There is another incident recorded of Foxe’s aversion to cruelty. In the reign of Queen Elizabeth, a group of Dutch Anabaptists were discovered while in an illegal worship service. Foxe wrote a letter to Queen Elizabeth requesting that their lives be spared when five men were condemned to be burned at the stake. After rehearsing his arguments against such a form of punishment he closed with the following words:

This one thing I earnestly beg, that you suffer not the pyres and flames of Smithfield, so long laid to sleep under your blessed auspices, to rekindle now. But if even this may not be granted I vehemently implore you to give us one or two months in which we may try to recover them from their errors, lest their souls also be in peril of eternal ruin.

As it turned out, Foxe was unable to persuade either the Queen or the Council to whom he also address a letter requesting clemency.

However, Foxe’s aversion to cruelty should not be interpreted to mean indifference to the truth of God’s Word. Foxe stood firmly upon the Scriptures as the rule of faith and conduct. He underwent exile for a number of years because of his convictions. After the death of Mary and his return to England, he sided with the Puritans who refused to wear the vestments demanded by Queen Elizabeth. Because of his convictions he never received preferment in the church and was poor for most of his life.

All of these things Mozley reports in great detail. Obviously the account of the composition and publication of the Acts and Monuments is given in great detail. However, it is always taken in the context of the person and character of John Foxe himself.

If we could assign a reason for Foxe’s views of these things, what would it be? Perhaps the key to understanding John Foxe is best illustrated in a commentary that he dedicated to Christopher Foxe. We must remember that Foxe had lived the life of an exile with all its hardships and had been a witness to what had taken place.

There was one thing that Foxe could not reconcile himself to after hearing and observing some of the contentions between the exiles. He simply could not believe that persons who were sharing deprivation and exile could show such bitterness in theological disputations. He had heard of the disputes that had taken place in Frankfurt between two parties of the English church with great heat on both sides. He wrote frankly to Thomas Lever, another exile who had gone from Frankfurt to Geneva. Note what he wrote to him:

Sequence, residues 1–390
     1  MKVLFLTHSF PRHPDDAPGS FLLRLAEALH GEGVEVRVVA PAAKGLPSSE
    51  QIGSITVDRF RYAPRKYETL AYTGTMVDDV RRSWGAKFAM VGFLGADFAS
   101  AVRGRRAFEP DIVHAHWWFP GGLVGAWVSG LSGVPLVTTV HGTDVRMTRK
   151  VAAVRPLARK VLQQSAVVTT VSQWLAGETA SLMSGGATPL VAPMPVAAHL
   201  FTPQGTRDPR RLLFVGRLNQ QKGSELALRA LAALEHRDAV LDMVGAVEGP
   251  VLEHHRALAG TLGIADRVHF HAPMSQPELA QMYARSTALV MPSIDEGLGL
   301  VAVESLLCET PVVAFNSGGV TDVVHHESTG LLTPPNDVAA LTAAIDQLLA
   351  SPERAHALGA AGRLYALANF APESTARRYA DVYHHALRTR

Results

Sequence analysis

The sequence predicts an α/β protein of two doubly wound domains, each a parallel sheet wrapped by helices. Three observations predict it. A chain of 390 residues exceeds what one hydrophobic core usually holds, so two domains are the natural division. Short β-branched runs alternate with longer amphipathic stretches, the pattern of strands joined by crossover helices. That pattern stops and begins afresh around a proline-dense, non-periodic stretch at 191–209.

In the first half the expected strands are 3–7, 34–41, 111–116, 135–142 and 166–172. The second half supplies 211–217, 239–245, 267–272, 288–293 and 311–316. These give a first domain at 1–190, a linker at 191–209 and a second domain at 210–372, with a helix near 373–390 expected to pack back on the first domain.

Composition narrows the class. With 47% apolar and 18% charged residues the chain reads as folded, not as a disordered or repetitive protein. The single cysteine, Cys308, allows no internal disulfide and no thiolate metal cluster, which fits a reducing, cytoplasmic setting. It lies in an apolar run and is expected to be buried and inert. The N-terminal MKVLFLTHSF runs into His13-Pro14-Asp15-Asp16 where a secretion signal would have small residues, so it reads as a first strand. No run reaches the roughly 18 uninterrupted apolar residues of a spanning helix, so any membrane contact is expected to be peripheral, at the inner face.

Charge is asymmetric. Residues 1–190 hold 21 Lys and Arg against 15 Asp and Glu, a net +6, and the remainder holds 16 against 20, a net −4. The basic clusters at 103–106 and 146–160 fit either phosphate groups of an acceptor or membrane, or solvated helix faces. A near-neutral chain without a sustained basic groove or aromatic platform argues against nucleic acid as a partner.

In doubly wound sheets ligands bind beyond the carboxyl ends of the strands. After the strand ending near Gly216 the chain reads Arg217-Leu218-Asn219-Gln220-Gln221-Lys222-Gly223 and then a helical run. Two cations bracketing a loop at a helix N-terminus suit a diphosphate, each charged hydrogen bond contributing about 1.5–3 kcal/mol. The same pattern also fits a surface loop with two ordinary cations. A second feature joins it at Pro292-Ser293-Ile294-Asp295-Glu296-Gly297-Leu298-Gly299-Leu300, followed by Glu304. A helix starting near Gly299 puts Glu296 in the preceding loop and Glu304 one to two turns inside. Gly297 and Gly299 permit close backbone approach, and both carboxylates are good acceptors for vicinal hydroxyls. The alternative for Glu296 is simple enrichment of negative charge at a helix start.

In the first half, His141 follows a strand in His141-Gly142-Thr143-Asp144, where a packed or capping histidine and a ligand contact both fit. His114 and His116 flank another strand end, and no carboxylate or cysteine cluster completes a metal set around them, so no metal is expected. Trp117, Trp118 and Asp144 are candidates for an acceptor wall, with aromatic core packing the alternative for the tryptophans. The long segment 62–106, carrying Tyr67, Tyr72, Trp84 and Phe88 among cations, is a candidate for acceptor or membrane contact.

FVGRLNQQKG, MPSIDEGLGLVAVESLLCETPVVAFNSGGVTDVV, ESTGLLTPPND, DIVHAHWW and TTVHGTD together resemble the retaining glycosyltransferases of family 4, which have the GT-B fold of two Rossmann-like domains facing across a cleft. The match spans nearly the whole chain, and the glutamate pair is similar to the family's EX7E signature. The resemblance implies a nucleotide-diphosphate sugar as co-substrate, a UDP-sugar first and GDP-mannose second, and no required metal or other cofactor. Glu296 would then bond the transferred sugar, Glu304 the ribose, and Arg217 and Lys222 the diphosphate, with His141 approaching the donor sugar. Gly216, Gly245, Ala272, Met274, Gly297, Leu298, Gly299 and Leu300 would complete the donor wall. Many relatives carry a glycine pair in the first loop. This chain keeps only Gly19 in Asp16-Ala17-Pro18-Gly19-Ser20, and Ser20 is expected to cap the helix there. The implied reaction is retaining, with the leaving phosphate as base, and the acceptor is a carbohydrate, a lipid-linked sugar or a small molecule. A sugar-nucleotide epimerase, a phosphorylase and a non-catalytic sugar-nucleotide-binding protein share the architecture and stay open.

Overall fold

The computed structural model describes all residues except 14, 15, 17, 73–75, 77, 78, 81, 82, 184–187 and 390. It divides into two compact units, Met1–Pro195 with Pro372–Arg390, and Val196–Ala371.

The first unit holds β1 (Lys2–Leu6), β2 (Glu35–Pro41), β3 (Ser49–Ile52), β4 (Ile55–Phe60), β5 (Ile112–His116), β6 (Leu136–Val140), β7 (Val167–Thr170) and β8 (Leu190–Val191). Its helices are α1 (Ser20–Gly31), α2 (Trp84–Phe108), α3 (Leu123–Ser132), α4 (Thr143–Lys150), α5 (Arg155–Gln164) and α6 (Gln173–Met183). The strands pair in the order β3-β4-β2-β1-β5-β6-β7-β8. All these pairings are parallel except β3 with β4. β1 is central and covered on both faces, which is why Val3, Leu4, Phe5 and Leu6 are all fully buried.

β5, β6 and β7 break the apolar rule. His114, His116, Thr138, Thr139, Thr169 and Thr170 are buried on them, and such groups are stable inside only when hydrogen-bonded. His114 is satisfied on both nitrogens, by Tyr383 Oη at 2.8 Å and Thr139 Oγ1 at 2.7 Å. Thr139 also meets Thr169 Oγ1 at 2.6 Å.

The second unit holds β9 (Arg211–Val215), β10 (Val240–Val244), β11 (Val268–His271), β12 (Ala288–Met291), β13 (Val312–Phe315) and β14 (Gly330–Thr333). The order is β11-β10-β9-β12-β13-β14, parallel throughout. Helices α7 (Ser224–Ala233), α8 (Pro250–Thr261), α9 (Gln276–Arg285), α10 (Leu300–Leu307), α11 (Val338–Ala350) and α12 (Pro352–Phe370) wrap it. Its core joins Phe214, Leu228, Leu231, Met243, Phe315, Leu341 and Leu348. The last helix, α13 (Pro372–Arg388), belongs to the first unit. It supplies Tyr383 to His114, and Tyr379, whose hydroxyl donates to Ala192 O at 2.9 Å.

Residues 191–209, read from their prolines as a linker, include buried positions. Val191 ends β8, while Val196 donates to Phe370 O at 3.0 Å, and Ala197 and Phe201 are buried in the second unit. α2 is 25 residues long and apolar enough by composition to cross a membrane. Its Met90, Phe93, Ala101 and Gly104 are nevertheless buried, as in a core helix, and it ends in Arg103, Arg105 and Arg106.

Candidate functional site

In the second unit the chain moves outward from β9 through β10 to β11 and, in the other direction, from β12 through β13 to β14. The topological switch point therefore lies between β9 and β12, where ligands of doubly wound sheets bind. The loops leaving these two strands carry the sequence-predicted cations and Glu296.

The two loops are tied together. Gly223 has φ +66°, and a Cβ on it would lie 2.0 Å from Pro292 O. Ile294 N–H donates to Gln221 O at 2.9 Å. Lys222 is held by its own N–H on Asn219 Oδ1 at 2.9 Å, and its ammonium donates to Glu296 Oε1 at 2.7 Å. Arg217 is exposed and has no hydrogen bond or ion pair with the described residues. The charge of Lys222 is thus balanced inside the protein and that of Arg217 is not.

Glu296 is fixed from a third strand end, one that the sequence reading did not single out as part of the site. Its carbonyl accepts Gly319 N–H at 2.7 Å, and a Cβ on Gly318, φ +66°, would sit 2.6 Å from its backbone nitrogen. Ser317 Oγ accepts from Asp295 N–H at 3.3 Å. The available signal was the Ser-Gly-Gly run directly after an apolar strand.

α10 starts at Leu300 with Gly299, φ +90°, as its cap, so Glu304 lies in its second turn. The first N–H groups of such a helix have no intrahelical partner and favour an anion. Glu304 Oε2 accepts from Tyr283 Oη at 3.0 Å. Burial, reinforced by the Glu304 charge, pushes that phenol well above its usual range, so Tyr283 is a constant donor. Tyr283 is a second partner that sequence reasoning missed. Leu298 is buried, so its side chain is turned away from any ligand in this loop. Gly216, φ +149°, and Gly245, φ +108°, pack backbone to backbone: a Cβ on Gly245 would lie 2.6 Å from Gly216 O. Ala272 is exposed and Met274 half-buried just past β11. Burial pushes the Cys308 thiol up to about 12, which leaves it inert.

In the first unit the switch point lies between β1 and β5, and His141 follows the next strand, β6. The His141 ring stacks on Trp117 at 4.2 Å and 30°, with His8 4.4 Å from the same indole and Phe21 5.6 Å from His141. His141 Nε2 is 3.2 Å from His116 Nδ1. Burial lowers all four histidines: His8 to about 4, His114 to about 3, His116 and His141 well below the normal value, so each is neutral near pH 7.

I hear (he says) and I have reason to believe the rumour, that you are given to discord and quarrelling, and that you hate your fellow Englishmen who have never harmed you. Have we so few contentions in the world that you must needs add to them? Put off your old bitterness and return to peace.

There is no doubt that John Foxe will always be remembered as the compiler of accounts of martyrdom and violence done in the name of the Lord. It is tragic that many people thus believe that his main interest was in giving accounts of suffering. However, would it not be truer to view Foxe as one who sought to reconcile brethren? Such reconciliation must always be in the truth and never at its expense. Perhaps the best accolade that can be given to John Foxe comes from the lips of our Lord when He said, “Blessed are the peacemakers: for they shall be called the children of God.”

We owe a great debt to J. F. Mozley for giving this portrait of John Foxe.